Graphite oxidation chemistry is relevant for designing cleaning strategies for radiocarbon dating samples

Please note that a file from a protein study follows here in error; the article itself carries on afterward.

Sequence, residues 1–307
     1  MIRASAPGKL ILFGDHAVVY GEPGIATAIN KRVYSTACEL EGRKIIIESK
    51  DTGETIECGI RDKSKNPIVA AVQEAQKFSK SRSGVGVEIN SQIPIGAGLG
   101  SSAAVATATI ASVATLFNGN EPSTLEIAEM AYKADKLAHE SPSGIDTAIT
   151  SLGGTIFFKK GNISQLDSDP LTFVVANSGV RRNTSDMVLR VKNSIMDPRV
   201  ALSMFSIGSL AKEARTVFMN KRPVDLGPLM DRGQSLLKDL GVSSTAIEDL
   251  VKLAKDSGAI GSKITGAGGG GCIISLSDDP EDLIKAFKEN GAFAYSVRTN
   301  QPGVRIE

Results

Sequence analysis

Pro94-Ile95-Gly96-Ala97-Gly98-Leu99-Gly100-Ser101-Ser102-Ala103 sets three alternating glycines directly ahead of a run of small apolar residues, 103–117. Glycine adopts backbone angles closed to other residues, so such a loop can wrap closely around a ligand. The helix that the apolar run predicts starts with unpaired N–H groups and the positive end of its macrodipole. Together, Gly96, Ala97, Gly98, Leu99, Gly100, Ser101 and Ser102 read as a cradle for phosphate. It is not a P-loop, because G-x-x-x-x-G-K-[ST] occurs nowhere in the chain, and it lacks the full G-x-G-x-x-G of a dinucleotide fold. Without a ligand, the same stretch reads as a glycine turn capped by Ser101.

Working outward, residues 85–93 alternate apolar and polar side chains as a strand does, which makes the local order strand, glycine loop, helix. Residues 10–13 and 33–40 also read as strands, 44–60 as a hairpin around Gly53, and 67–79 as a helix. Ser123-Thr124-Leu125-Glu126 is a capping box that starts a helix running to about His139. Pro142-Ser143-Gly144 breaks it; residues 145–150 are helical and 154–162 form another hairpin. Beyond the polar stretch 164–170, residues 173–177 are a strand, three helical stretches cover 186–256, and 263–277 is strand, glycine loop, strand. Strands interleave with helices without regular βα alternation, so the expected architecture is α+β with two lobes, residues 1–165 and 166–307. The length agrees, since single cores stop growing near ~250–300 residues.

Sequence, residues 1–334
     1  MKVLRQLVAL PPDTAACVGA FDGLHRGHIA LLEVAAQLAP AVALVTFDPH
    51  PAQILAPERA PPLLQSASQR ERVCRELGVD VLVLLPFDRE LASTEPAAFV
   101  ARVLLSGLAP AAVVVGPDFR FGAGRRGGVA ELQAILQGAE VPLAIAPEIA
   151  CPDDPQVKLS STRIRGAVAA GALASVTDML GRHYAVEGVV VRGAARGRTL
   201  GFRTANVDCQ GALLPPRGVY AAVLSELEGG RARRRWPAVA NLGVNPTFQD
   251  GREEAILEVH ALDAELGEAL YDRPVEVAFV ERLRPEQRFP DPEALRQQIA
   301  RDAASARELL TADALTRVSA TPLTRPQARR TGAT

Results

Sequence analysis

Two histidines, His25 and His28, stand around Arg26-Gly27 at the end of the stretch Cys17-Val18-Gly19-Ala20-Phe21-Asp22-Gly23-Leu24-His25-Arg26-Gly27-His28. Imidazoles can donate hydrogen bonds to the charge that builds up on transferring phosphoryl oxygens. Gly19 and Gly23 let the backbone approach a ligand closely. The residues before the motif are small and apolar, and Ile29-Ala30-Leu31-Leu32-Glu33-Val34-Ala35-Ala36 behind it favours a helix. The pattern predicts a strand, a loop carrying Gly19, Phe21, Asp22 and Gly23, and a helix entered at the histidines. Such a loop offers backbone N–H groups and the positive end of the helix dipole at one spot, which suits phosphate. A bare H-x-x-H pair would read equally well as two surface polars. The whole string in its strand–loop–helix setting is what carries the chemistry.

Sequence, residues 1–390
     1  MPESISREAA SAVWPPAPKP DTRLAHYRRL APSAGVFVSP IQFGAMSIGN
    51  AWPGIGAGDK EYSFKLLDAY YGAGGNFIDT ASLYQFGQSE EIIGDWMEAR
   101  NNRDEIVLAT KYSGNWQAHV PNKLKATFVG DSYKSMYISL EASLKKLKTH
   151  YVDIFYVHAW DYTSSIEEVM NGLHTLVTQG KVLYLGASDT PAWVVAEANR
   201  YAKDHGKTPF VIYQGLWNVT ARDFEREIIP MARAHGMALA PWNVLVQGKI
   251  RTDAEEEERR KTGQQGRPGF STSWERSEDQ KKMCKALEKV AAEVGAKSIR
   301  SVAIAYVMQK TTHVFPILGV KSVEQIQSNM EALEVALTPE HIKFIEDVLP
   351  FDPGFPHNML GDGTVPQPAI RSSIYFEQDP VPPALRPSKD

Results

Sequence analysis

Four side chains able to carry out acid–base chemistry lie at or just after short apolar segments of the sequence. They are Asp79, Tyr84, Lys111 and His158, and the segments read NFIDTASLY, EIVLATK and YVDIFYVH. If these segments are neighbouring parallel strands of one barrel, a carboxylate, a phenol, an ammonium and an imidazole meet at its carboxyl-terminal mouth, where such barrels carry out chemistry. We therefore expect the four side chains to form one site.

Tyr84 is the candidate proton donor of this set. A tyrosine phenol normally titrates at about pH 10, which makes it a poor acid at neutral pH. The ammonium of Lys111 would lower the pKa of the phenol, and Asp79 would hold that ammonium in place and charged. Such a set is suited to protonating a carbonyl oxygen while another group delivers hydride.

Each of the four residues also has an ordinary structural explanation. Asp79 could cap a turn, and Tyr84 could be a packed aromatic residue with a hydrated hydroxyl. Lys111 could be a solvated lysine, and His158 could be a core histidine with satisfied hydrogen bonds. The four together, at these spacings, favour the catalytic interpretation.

We demonstrate that mixtures of graphite and lab-oxidized graphenic carbon materials can be separated into three individual components (graphite, graphene/graphite oxide (GO) and oxidative debris (OD)) by a series of aqueous treatments. Our results show that a key part of this separation procedure involves a water treatment and sonication near neutral pH in order to separate GO from OD. We show that the relative proportions of OD and GO – independent of any humic substances – can affect the ability of oxidized graphite to be suspended in water, which can influence the efficiency of the separation procedures we describe. We compare and contrast our protocol with others that are widely used for cleaning archaeological charcoal prior to radiocarbon dating. Our protocol has potential applications for tailored cleaning procedures for graphenic carbon materials, including the possibility of separating GO from both OD and graphite, for radiocarbon dating purposes.